Medications

It is a common fact that doctors may prescribe medications to reduce triglycerides from the blood stream of a patient, if it is necessary. However, many of us are unaware that other than the medicines that lower triglycerides, there are also medications that may raise triglyceride levels. More often than not, these are medicines that are usually prescribed for a problem that has nothing to do with triglycerides directly. It has therefore been established that certain medications can be responsible for high triglycerides as well. If the reason for one’s triglyceride increase is indeed a medicine of some sort, then it might have to be stopped or restricted, but it is up to the doctor to decide. Here are a few of the medications that could be responsible for blood triglyceride increase:

  • Contraceptive pills are used for birth-control by a lot of women around the world and they might be responsible for triglyceride growth in a small proportion of them. It is the synthetic estrogen found in these pills, which the triglycerides might owe their origin to, but in most cases, the synthetic progesterone (known for its triglyceride reducing properties) usually cancels it out.
  • Steroids are one of those medications that might be used to increase triglycerides intentionally as anabolic steroids are often taken to build body mass (athletes like bodybuilders use them) and they are also known for their ability to increase one’s appetite. Both the hormonal changes and the increased appetite contribute to the sudden increase in blood triglyceride level. Even steroids that are prescribed to reduce inflammation can also increase triglycerides. Examples of corticosteroids include hydrocortisone and prednisone.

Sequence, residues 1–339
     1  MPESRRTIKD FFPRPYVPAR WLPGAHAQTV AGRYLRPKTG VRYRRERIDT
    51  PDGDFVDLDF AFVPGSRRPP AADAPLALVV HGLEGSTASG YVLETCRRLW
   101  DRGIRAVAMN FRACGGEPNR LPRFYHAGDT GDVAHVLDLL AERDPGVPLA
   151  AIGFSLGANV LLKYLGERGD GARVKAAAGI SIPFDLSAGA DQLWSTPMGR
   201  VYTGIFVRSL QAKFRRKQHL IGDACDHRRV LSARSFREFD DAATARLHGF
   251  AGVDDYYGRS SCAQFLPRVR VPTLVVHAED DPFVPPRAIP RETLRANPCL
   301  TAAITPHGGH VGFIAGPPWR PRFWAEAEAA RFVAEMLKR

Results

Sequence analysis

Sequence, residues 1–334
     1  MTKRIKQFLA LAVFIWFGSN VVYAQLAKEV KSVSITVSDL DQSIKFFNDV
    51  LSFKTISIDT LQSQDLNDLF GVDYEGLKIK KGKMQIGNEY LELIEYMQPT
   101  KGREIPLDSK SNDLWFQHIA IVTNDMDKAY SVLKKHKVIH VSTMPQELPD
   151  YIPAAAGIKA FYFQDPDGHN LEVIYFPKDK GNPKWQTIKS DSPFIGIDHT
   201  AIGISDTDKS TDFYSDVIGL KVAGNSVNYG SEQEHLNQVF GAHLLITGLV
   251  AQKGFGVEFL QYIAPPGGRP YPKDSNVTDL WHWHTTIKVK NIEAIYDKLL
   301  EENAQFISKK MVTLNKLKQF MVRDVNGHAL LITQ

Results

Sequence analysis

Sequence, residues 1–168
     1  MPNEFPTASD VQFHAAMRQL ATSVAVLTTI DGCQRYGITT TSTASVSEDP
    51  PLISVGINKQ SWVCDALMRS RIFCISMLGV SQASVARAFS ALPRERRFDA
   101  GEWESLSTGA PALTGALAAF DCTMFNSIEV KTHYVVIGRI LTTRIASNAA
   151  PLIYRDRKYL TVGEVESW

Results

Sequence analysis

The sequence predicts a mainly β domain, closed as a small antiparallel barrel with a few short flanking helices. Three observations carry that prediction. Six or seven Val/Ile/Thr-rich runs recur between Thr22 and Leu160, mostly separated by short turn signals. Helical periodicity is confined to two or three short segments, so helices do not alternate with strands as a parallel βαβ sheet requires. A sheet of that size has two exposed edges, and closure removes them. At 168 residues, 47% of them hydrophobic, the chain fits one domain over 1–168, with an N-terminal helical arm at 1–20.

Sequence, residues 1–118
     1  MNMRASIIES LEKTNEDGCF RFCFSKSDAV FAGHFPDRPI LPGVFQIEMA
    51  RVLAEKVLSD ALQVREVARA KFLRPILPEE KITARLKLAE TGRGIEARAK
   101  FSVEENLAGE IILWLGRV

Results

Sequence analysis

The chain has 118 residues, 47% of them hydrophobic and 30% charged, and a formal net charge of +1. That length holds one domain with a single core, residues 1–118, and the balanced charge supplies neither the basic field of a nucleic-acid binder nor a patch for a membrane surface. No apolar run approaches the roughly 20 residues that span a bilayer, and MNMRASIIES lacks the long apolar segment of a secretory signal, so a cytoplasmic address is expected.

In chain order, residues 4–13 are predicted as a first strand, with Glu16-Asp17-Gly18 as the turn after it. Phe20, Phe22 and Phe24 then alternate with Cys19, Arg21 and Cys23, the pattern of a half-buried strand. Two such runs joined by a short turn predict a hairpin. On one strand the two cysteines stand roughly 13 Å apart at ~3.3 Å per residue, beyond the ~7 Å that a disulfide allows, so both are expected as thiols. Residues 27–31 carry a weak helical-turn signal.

• Acne is a common problem for children, teenagers and sometimes even grownups; retinoids such as isotretinoin are used to treat it by dermatologists and unfortunately for a few, these retinoids turn out to be the reason behind raised triglyceride levels.
  • Blood pressure medications are the most common culprits when it comes to medicine induced high blood triglycerides. Diuretics are used for their ability to reduce the blood volume of the person taking it and this group of meds is known for significantly raising triglycerides, especially if the daily dosage crosses 50 mg.
  • Beta blockers are a different group of blood pressure medication and they reduce blood pressure by controlling the adrenaline flow in our body. Although the rise in triglyceride levels brought on by these meds were never very high, the more recent beta blockers like carvedilol and nebivolol contribute even less to the blood triglyceride level.
  • Finally, some of the medications prescribed to mental patients can also be responsible for triglyceride growth in the blood. Atypical antipsychotics like clozapine and olanzapine, which are at times used to treat patients suffering from bipolar disorders or have schizophrenic tendencies, are known to have that effect.

Occasionally, doctors prescribe some of the steroids to intentionally increase triglycerides in patients who suffer from triglyceride deficiency (less than 35 mg/dL of blood). Mostly though, it is not an intention, but rather a side-effect.